Microsoft co-founder and philanthropist Paul Allen has located a Japanese battleship that was considered one of the world's largest and most technologically advanced warships when it was sunk off the Philippines during World War II.
The Ship was found in Sibuyan Sea after a series of expeditions. The 73,000-ton battleship was spotted by the high resolution cameras used during the expedition. The Ship sunk after it was bombarded by U.S forces during the Battle of Leyte Gulf on October 24, 1944.
Allen said he respects the area as a war grave and plans to work with the Japanese government "to ensure the site is treated respectfully and in accordance with Japanese traditions."
An organization that supports Japanese navy veterans and conducts research on maritime defense said that if the discovery is confirmed, a memorial service could be held at the site, according to the Associated Press.
Japanese experts said they were eager to study the images to try to confirm the ship's identity.Kazushige Todaka, head of a private museum specializing in the battleship Yamato, Musashi's sister vessel, said the details in the images matched those of the Musashi, which was the only battleship that sank in the area.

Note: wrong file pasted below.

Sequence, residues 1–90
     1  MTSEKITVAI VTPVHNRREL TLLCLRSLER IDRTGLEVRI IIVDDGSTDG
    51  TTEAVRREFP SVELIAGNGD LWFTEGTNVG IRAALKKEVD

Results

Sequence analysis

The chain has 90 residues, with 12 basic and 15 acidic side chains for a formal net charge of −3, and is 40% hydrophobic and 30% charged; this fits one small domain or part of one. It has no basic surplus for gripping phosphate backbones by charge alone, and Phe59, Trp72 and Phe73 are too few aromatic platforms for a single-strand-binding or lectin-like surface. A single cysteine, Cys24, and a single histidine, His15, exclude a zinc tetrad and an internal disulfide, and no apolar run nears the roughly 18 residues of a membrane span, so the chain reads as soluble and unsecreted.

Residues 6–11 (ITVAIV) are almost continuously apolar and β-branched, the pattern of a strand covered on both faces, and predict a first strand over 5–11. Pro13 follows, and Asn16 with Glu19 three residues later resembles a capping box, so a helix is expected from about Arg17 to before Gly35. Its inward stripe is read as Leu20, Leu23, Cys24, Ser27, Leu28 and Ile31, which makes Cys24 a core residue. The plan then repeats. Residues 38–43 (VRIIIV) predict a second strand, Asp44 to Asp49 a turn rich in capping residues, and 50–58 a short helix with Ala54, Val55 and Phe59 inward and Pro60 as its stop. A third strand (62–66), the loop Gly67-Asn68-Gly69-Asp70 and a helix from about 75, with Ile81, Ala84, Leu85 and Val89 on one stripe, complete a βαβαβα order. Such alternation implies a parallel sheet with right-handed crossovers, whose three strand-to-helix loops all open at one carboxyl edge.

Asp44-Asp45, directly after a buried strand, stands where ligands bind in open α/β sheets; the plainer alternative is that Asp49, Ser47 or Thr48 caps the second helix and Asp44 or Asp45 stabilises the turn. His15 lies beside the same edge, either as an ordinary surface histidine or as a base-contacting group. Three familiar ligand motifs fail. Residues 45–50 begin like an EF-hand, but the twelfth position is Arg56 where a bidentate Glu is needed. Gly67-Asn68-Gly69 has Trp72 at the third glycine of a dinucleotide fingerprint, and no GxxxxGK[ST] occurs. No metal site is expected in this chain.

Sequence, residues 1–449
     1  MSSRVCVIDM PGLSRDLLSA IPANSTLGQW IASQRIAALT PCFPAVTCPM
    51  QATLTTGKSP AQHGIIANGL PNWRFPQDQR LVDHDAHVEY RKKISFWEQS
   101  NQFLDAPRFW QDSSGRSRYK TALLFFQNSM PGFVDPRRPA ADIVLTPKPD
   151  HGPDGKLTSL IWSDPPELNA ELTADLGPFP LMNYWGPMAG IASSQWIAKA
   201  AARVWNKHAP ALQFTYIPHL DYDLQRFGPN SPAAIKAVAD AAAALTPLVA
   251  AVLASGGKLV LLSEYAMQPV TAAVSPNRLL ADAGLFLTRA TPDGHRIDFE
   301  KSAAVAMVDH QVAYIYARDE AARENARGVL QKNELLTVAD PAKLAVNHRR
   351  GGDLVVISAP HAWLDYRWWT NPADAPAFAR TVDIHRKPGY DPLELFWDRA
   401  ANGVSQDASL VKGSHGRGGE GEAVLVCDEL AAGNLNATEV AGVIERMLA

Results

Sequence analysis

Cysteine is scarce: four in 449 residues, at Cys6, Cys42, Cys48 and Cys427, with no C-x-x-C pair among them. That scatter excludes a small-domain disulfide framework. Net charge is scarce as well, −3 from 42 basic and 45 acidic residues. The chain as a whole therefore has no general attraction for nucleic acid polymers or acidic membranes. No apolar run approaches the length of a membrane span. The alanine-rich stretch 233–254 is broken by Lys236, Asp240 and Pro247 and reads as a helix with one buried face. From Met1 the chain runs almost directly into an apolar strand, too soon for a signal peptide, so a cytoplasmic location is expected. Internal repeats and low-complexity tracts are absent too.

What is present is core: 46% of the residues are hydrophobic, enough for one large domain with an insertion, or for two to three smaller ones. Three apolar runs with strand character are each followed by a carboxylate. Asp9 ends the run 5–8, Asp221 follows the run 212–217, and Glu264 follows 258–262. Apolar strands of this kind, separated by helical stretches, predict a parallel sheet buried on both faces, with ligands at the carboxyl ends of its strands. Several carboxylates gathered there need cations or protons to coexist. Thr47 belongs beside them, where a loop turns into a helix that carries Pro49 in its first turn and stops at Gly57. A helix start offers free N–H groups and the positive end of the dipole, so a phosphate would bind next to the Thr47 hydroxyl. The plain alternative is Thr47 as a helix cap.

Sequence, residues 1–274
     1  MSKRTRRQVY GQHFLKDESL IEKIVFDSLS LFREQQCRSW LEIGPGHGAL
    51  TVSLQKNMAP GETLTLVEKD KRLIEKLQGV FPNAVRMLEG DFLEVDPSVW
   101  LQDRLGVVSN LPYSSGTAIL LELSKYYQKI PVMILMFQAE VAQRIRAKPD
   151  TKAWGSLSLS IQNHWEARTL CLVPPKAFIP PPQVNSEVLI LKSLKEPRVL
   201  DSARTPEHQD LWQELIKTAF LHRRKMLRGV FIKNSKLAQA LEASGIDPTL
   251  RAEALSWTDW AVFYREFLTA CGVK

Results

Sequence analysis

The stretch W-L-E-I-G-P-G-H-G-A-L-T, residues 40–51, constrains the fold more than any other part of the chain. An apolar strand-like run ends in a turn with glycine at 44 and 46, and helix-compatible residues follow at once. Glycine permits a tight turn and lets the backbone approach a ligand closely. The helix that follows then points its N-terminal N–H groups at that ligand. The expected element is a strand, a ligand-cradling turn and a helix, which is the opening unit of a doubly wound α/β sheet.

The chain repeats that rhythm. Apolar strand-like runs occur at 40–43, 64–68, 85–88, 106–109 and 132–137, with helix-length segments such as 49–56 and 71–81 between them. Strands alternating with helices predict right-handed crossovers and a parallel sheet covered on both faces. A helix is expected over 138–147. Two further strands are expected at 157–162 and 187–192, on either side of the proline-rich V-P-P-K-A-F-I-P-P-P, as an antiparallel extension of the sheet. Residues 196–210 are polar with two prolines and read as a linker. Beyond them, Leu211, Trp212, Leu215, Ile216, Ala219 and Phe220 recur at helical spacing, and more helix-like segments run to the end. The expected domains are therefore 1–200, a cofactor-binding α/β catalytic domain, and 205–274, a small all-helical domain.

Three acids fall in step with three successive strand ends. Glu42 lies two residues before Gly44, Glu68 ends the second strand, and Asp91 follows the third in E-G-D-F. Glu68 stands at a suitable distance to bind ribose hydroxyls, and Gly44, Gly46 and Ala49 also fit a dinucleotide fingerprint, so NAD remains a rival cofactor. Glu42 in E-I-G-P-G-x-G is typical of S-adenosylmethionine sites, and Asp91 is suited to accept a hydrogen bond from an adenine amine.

The Musashi, and her sister ship Yamato, were the heaviest and most powerfully armed battleships ever built, Allen said. It featured eighteen-inch armor plating and was armed with nine eighteen-inch guns, the largest ever mounted on a warship.
The research team began looking for the ship more than eight years ago, drawing upon historical records from four countries, detailed undersea topographical data and advanced technology aboard the yacht.
"Since my youth, I have been fascinated with World War II history, inspired by my father's service in the U.S. Army," said Allen. "The Musashi is truly an engineering marvel and, as an engineer at heart, I have a deep appreciation for the technology and effort that went into its construction. I am honored to play a part in finding this key vessel in naval history and honoring the memory of the incredible bravery of the men who served aboard her."
Todaka at the Yamato Museum said the findings, especially during the 70th anniversary of the end of World War II, were a “great achievement” that could inspire many Japanese to revisit the history of the war, whose memory has faded over the past decades.
(With Agency Inputs)